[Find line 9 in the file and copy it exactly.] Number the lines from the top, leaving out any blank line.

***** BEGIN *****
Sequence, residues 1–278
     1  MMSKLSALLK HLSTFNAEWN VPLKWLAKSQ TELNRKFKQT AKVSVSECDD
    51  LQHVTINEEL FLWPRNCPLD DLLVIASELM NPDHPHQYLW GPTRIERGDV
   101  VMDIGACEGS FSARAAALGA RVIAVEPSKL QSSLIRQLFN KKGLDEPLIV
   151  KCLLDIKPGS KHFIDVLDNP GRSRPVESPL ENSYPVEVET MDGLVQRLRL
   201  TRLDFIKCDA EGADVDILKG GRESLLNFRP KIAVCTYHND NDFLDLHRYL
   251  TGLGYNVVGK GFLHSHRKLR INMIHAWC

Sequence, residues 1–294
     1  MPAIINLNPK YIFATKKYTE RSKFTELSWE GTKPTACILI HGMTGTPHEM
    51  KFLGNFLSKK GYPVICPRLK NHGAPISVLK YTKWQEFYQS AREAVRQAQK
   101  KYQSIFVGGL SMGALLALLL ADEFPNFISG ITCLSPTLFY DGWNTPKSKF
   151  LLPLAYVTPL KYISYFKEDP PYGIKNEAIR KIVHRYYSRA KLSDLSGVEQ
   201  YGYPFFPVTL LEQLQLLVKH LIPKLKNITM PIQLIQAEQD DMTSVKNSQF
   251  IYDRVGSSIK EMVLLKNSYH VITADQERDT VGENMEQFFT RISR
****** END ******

     1  MPAIINLNPK YIFATKKYTE RSKFTELSWE GTKPTACILI HGMTGTPHEM